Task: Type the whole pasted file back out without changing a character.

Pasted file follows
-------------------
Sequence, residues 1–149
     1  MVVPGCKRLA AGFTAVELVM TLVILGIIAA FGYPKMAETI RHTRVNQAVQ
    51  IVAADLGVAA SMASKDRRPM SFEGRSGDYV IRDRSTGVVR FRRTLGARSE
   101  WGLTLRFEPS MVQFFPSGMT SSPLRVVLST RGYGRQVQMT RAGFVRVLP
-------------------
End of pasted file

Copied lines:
Sequence, residues 1–149
     1  MVVPGCKRLA AGFTAVELVM TLVILGIIAA FGYPKMAETI RHTRVNQAVQ
    51  IVAADLGVAA SMASKDRRPM SFEGRSGDYV IRDRSTGVVR FRRTLGARSE
   101  WGLTLRFEPS MVQFFPSGMT SSPLRVVLST RGYGRQVQMT RAGFVRVLP